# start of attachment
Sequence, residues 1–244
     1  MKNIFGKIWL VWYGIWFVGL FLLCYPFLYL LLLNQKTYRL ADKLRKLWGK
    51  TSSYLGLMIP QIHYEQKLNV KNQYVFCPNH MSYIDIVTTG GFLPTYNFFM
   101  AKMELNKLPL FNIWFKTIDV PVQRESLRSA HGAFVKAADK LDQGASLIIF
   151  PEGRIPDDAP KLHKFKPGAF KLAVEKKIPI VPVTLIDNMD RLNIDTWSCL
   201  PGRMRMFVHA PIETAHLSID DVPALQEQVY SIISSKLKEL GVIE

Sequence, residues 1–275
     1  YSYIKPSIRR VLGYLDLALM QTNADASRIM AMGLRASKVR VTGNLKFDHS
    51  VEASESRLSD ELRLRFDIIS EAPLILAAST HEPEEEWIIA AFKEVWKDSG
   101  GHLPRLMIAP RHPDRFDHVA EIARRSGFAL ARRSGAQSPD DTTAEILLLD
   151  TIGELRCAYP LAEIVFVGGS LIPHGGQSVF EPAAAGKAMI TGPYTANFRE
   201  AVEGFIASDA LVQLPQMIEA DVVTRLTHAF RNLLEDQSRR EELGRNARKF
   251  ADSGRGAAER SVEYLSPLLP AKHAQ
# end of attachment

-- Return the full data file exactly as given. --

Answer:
Sequence, residues 1–244
     1  MKNIFGKIWL VWYGIWFVGL FLLCYPFLYL LLLNQKTYRL ADKLRKLWGK
    51  TSSYLGLMIP QIHYEQKLNV KNQYVFCPNH MSYIDIVTTG GFLPTYNFFM
   101  AKMELNKLPL FNIWFKTIDV PVQRESLRSA HGAFVKAADK LDQGASLIIF
   151  PEGRIPDDAP KLHKFKPGAF KLAVEKKIPI VPVTLIDNMD RLNIDTWSCL
   201  PGRMRMFVHA PIETAHLSID DVPALQEQVY SIISSKLKEL GVIE

Sequence, residues 1–275
     1  YSYIKPSIRR VLGYLDLALM QTNADASRIM AMGLRASKVR VTGNLKFDHS
    51  VEASESRLSD ELRLRFDIIS EAPLILAAST HEPEEEWIIA AFKEVWKDSG
   101  GHLPRLMIAP RHPDRFDHVA EIARRSGFAL ARRSGAQSPD DTTAEILLLD
   151  TIGELRCAYP LAEIVFVGGS LIPHGGQSVF EPAAAGKAMI TGPYTANFRE
   201  AVEGFIASDA LVQLPQMIEA DVVTRLTHAF RNLLEDQSRR EELGRNARKF
   251  ADSGRGAAER SVEYLSPLLP AKHAQ